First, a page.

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Aluminum Material Selection for Panels With Bends to Be Anodized

goldenfab

Aluminum
Joined
May 25, 2016
Location
USA Prescott , Arizona
I picked up a job to make some enclosures. Some of the thick parts are machined from 6061-T6. The thinner panels are designed to be 0.125" thick with the sharpest bends having a 0.125" inside radius. From what I could find 6061 with a T6 temper would be trouble to bend. I'm using a press brake I made - bottoming type with 90deg V die on the bottom and 0.125" radius upper die. The die opening is only like 6x (if that) the material thickness - needed to get the close bends for the hat shape. I suggested we use a -O temper and made some prototypes with it. The bends came out great but machining a cutout with a corner radius is terrible because it is so soft. My customer wants to hard coat anodize all the parts to match hence why choosing 6061 for the panels. The next plan is to try 6061-T4 for the 0.125" bent sheets.

Can anyone suggest a better idea?

Thanks,
Adam

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JNieman

Titanium
Joined
Nov 12, 2011
Location
Greater St Louis Area
Can you laser or waterjet cut the blanks? Those processes shouldn't care about the temper of the aluminum.

Nor would they help bend them....

OP: 6061 sucks to bend, for sure, but if you can buy it in the O state or a temper of lower hardness, it can be done smoothly enough.
 

Dan from Oakland

Titanium
Joined
Sep 15, 2005
Location
Oakland, CA
5052-H32 is what I would use for any panels that are going to be formed. Won't crack, is easily welded and will anodize with no issues. It can be a little on the gummy side to machine, but not impossibly so.
 

JNieman

Titanium
Joined
Nov 12, 2011
Location
Greater St Louis Area
5052-H32 is what I would use for any panels that are going to be formed. Won't crack, is easily welded and will anodize with no issues. It can be a little on the gummy side to machine, but not impossibly so.

I was hesitant to suggest another alloy because I didn't know if they would match perfectly when anodized. I suppose a simple experiment would suffice. I also don't know enough about anodizing - can you put different alloys into the same batch, or are there different processing requirements to anodize different alloys?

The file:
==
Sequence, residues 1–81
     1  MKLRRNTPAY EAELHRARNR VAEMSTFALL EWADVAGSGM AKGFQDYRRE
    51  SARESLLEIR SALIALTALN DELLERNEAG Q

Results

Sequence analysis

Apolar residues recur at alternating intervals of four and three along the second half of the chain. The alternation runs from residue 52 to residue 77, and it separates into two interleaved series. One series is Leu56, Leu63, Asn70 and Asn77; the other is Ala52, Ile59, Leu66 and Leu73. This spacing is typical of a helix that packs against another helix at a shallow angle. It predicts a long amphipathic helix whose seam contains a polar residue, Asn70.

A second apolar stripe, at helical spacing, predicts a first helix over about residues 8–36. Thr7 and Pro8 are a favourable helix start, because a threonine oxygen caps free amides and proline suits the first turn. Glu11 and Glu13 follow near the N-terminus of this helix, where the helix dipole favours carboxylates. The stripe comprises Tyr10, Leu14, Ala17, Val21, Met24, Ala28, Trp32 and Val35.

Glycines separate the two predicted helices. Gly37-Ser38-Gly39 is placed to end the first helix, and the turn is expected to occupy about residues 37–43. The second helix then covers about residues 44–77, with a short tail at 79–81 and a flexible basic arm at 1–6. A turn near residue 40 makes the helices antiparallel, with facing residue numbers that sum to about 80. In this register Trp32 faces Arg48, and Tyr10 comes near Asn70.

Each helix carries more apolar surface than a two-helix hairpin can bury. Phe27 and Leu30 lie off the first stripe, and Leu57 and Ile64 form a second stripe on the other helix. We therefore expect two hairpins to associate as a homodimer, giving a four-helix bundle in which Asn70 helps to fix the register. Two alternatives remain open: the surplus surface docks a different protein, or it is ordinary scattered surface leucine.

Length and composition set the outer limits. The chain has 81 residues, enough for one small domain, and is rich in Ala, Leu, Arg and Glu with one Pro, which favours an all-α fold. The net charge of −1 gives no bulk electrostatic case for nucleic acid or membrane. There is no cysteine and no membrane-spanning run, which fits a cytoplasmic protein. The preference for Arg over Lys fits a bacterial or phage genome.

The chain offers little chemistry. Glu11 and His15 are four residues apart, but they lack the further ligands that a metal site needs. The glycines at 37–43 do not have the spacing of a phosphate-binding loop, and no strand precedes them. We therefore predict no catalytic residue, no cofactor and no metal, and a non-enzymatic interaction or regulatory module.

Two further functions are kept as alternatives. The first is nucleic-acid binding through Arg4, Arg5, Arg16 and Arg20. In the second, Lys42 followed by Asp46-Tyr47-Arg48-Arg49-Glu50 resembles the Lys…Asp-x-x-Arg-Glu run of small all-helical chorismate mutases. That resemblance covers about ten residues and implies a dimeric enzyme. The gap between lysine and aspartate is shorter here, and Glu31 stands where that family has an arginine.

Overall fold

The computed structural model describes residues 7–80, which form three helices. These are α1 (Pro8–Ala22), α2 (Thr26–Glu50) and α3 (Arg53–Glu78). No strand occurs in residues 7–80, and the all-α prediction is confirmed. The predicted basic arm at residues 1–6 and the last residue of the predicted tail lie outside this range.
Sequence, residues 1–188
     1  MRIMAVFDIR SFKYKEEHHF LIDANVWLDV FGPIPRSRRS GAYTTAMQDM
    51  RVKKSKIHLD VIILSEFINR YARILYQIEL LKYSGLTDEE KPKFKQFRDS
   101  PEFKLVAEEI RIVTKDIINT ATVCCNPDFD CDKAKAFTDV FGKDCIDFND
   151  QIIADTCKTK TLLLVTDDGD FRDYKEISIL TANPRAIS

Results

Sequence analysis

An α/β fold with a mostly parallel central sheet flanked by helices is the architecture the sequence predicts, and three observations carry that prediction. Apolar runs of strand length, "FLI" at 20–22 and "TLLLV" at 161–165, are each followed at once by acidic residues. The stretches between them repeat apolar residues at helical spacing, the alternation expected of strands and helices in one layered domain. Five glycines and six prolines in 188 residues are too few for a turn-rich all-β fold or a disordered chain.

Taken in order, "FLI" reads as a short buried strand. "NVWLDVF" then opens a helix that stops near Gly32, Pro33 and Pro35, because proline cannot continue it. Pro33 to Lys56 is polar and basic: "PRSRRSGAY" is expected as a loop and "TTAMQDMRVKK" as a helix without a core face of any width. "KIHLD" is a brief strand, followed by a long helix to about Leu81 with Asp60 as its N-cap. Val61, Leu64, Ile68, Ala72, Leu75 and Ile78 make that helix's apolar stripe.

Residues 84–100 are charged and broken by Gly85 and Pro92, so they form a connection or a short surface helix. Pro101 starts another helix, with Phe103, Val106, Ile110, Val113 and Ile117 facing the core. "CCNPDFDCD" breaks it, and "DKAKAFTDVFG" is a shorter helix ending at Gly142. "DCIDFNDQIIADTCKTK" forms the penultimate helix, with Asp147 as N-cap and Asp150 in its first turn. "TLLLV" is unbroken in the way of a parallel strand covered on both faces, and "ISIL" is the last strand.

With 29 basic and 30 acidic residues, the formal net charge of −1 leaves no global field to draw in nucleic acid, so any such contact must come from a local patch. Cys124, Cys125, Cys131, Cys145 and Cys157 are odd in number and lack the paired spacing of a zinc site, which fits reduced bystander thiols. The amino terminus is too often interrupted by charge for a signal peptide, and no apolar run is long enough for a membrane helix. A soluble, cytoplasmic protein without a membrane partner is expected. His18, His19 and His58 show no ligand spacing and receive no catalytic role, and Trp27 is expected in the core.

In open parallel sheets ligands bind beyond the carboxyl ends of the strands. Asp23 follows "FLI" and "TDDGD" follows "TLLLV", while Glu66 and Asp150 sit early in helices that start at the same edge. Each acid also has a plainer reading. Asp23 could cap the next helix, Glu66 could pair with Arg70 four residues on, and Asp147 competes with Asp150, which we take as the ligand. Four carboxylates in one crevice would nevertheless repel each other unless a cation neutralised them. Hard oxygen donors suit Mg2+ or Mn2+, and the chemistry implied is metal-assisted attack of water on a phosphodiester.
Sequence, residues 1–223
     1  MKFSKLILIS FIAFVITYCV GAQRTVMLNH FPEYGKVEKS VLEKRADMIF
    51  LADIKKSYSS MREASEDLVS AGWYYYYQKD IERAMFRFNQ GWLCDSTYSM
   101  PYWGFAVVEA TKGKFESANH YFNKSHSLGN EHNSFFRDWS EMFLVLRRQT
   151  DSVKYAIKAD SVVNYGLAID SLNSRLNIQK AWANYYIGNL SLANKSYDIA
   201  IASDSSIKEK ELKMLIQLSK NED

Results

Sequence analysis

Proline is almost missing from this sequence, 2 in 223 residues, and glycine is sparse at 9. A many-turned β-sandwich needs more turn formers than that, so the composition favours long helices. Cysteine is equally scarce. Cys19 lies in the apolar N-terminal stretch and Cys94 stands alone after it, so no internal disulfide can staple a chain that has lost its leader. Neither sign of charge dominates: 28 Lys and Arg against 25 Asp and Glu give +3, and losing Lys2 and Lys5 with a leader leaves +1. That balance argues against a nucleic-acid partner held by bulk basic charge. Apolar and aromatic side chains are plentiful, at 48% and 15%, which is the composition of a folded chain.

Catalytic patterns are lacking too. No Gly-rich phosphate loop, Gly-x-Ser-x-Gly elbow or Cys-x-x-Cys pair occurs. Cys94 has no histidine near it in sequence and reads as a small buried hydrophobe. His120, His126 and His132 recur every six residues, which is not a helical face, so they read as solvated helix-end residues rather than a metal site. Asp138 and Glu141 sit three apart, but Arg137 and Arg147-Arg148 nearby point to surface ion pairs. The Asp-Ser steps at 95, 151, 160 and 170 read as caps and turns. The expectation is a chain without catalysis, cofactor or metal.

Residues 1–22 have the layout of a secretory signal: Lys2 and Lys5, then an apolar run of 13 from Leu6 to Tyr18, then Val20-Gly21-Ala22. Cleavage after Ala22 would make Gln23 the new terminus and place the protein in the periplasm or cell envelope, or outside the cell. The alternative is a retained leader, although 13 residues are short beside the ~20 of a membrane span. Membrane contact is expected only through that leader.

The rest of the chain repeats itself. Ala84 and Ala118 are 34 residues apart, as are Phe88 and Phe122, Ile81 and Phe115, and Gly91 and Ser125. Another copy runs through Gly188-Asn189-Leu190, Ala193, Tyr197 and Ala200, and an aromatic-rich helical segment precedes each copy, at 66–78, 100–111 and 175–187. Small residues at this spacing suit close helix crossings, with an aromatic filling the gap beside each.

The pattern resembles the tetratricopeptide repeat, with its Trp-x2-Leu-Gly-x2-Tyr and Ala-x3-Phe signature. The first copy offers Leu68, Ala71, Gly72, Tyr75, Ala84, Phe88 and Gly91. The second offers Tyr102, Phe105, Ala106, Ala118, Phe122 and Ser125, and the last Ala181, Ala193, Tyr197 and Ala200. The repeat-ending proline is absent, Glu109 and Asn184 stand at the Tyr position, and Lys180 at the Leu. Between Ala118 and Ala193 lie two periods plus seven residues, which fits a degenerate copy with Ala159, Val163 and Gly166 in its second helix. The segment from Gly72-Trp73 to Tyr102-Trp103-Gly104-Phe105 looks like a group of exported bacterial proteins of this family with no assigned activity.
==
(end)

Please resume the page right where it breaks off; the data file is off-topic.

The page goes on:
goldenfab

Aluminum
Joined
May 25, 2016
Location
USA Prescott , Arizona
Can you laser or waterjet cut the blanks? Those processes shouldn't care about the temper of the aluminum.
I don't think those processes would be good at making a 0.125" fillet on the inside cut edges? Either way having to sub out these parts is probably not worth the trouble for this case.

OP: 6061 sucks to bend, for sure, but if you can buy it in the O state or a temper of lower hardness, it can be done smoothly enough.
Yes the 6061-O that I have bent great and I'm really happy with the appearance of the bend radius. I'm hoping 6061-T4 comes out close to as good. I just ordered some this morning.

5052-H32 is what I would use for any panels that are going to be formed. Won't crack, is easily welded and will anodize with no issues. It can be a little on the gummy side to machine, but not impossibly so.
I assume it machines better than 6061-O? Matweb lists a machinability index for 6061 but not for 5052 and I can't find any comparisons anywhere else?

I was hesitant to suggest another alloy because I didn't know if they would match perfectly when anodized. I suppose a simple experiment would suffice. I also don't know enough about anodizing - can you put different alloys into the same batch, or are there different processing requirements to anodize different alloys?

This is a big question for me as I do not yet have experience with it which is why I went with 6061-O.
 

JNieman

Titanium
Joined
Nov 12, 2011
Location
Greater St Louis Area
I don't know how accommodating your supplier would be, but maybe send them a few 'coupons' to run through the same batch and see what happens. They might do it for free if they're running a job that the coupons can ride along in.
 

robert123

Stainless
Joined
Apr 8, 2012
Location
AR, USA
If you use different alloys, they will almost certainly be different colors after anodize. It is usually recommended that different alloys not be anodized at the same time. I assume this is due to differing conductivities and crystal growth rates though it can be done.

If strength is not important, perhaps you could use 6061-T6. Make your cutouts, anneal, and then bend. Or if you are making the cutouts after bending, heat the bend area with a torch to soften only the bend areas. It might take a little experimentation.

You can find charts online that give minimum bend radii for given material alloys and thicknesses. This should give you a good idea if 6061-T4 will work for bending. For machining, I would think it would be OK. It does have reasonable strength, but I've only cut it on a water jet before.
 








 
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